- 2 Customer satisfaction scores drop to pre-Covid levels
- 3 Over one in four UK groceries bought on promotion
- 4 Most marketers wouldn’t accept a job that doesn’t offer hybrid working
- 5 Nearly two-thirds of British consumers believe sustainable companies will fare better commercially
- 6 Brands to spend record £9.5bn on Christmas advertising
Customer satisfaction scores drop to pre-Covid levels
Customer satisfaction scores have declined to pre-Covid levels, dropping by 3.8% in the last year, according to research from KPMG.
The study by KPMG asked 13,000 UK consumers for their views on 376 brands as part of the research. Almost two-thirds (64%) of those brands saw their customer experience scores across each area decline compared to last year.
First Direct came out on top of the customer satisfaction rankings, followed by Lush and American Express. John Lewis and Partners and Nationwide rounded out the top five. First Direct has placed in the top three of the index for 12 of the last 13 years, while all of the top five have all been in the top 10 at least once in the last three years.
The research also finds that early adoption of AI is helping to boost customer experience scores. Financial services brands are most likely to be early adopters of generative AI, in areas such as content generators and language translators.
Over one in four UK groceries bought on promotion
Over a quarter (28%) of British shopping baskets are now made up of promotional purchases or discounted items, finds research from Retail Insight.
This figure is even higher among millennials (those aged 27 to 42), with over a third of this group’s shopping baskets made up of discounted goods.
Price sensitivity among shoppers is high, with over eight in 10 (82%) attempting to reduce their food bills. In this environment, shoppers are particularly looking for promotions in the fresh meat category, with 30% of shoppers saying they are more likely to buy this on promotion.
The effects of inflation has also reduced brand loyalty, with 74% of those surveyed saying they have stopped buying some of their favourite branded products because the price is too high. Indeed, over seven in 10 (72%) say they now opt for supermarket own-label unless the brand is on offer.
Source: Retail Insight
Most marketers wouldn’t accept a job that doesn’t offer hybrid working
Almost three-quarters (73%) of marketers say they would not consider accepting a job that doesn’t offer hybrid working, according to recruitment company Hays.
Marketers are much more likely to work in a hybrid way versus the general working population. Almost two-thirds of marketers work in a hybrid way, versus 39% of all professionals. Just 10% of marketers work fully in an office.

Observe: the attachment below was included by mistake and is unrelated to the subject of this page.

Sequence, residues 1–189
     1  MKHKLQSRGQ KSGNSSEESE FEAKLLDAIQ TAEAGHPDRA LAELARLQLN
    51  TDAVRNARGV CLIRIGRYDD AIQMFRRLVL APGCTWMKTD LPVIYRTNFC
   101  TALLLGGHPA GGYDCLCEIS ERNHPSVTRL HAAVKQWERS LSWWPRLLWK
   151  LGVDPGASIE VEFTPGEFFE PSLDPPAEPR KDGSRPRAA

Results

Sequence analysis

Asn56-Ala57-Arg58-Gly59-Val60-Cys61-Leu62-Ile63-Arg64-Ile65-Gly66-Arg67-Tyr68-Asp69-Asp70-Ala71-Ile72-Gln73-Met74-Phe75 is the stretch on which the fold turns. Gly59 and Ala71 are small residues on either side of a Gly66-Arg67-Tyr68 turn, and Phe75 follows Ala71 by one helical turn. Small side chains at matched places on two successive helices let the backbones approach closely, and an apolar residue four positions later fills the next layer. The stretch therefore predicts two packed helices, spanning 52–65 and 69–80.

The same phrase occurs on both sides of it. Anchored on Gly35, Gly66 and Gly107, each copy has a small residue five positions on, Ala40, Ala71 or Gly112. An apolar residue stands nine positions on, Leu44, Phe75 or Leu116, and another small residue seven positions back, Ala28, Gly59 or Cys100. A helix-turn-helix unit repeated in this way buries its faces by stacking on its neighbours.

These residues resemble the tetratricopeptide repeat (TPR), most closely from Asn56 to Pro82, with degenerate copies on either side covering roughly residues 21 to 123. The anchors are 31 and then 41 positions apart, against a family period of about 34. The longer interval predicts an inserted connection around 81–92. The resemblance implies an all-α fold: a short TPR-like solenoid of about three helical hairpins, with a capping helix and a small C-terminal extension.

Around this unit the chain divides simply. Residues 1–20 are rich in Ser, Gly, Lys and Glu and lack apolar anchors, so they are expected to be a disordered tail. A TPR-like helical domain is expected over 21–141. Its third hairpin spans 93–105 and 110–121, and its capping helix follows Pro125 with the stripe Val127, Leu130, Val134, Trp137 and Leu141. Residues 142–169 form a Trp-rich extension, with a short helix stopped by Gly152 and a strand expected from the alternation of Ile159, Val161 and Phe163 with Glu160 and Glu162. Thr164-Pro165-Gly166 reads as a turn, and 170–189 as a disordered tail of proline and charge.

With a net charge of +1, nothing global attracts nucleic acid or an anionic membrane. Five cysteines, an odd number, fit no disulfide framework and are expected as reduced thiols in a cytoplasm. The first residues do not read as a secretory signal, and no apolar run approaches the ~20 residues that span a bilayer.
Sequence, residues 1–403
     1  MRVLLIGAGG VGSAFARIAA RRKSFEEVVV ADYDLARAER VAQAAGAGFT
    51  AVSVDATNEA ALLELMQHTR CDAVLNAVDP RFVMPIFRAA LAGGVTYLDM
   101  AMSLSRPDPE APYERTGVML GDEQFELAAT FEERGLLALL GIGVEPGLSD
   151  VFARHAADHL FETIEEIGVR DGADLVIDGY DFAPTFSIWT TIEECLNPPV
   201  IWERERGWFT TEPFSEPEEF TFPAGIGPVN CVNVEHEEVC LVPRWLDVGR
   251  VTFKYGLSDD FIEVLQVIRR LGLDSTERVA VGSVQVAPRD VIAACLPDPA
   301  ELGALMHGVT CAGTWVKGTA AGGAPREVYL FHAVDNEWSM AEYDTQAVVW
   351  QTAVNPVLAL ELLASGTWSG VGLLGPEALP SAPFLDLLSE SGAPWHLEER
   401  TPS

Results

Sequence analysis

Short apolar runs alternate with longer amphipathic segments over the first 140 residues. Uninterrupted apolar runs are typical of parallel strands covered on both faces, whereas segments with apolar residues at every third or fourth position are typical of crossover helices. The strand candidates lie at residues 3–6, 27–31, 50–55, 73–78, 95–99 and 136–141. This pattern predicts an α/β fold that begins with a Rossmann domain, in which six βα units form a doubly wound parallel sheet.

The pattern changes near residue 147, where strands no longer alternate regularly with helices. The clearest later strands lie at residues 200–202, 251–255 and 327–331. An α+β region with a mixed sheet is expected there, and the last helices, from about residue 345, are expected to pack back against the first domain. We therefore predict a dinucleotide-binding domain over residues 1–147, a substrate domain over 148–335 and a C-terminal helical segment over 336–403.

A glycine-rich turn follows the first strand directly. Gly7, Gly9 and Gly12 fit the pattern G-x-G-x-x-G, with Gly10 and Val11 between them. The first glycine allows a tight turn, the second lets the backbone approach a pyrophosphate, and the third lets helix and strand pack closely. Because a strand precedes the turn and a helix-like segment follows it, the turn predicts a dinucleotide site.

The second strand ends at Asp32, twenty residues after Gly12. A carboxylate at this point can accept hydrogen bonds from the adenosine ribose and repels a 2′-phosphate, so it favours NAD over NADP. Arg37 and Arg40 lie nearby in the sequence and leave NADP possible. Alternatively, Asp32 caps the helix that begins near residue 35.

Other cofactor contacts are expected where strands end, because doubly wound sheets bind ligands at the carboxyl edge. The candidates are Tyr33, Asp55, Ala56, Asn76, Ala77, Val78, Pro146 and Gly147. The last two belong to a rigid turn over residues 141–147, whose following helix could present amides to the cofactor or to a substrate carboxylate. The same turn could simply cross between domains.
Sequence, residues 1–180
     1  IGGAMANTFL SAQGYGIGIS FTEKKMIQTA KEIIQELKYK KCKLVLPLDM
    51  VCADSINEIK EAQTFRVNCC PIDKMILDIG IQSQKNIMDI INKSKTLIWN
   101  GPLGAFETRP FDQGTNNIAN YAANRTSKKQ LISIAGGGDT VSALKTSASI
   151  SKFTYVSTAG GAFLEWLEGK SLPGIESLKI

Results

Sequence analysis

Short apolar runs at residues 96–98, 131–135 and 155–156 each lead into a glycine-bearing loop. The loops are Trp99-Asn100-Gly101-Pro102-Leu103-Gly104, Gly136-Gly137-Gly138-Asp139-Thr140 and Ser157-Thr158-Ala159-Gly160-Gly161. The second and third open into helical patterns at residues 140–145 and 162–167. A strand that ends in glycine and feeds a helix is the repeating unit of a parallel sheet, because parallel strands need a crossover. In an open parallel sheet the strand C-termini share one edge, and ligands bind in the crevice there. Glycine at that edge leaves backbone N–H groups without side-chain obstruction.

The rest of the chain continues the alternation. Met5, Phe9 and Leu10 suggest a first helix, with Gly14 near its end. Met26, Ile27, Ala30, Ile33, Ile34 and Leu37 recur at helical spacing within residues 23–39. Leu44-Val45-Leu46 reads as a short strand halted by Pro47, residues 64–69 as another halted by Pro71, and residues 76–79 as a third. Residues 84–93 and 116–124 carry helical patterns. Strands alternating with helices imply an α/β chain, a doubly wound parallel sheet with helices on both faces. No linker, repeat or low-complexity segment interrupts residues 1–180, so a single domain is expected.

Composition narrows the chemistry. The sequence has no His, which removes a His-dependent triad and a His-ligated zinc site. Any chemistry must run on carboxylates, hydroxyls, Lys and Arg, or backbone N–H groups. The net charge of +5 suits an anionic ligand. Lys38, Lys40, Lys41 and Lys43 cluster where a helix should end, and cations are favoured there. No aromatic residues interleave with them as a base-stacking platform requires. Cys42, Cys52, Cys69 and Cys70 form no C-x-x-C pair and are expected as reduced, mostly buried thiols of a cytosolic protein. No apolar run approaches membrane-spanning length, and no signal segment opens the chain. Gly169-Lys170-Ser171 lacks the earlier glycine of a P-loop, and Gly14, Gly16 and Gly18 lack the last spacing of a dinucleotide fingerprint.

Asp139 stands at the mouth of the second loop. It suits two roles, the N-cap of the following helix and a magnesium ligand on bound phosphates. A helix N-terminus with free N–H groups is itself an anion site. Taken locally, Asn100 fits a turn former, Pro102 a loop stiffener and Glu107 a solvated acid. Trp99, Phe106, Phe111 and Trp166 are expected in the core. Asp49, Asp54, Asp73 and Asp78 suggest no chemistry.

Across all professionals, 43% report they now work fully in an office.
For many marketers, the ability to work at home as well as in the office ranks above pay in terms of priorities. Over four in 10 (42%) marketing professionals say they would be prepared to accept a lower salary for a role that is fully remote.
Marketing organisations are also shifting how their teams are set up in response to the continued trend towards hybrid working. Almost eight in 10 (77%) organisations hiring marketing professionals offer hybrid working to their staff.
Among businesses recruiting marketers, 78% anticipate their hybrid working arrangements for staff will remain the same.
Nearly two-thirds of British consumers believe sustainable companies will fare better commercially
Over three-fifths (61%) of British consumers believe that sustainable companies will outperform those that are not sustainable in the future, finds research from digital transformation consultancy Publicis Sapient.
This puts British consumers ahead of the global average of 54%. Additionally, more than half (53%) of people in the UK say they are more likely to support brands that invest in renewable energy sources and social and environmental activism.
British consumers are ahead of the global average in terms of changing their habits to become more sustainable. Over two-fifths (44%) of UK consumers report having increased how many sustainable products they buy, versus 37% globally.
Most consumers (52%) agree that they trust businesses are transparent about their sourcing and production methods. However, over a third were noncommittal, with 36% saying they feel ‘neutral’.
Source: Publicis Sapient
Brands to spend record £9.5bn on Christmas advertising
Advertisers are expected to spend a record £9.5bn this Christmas season, according to data from the Advertising Association and Warc, a 4.8% increase on the same period last year largely attributed in part to inflation.
Brands have upped the value of their investment in both emerging and traditional media. Broadcast video on demand, for example, is set to increase by 20.2%, while out-of-home will grow by 10.3%, and online display by 9.1%.
Television remains a a draw, with £1.5bn predicted to be spent on it in the final quarter, a slight dip of 0.2% down on its 2022 total.
The Christmas ad season is set to be an even bigger boost to the advertising industry than usual. Performance in the fourth quarter will add £430m to 2023’s total market value – for the first nine months that figure was £486m, meaning the festive season is accounting for 47% of all growth this year.
Source: Advertising Association and Warc.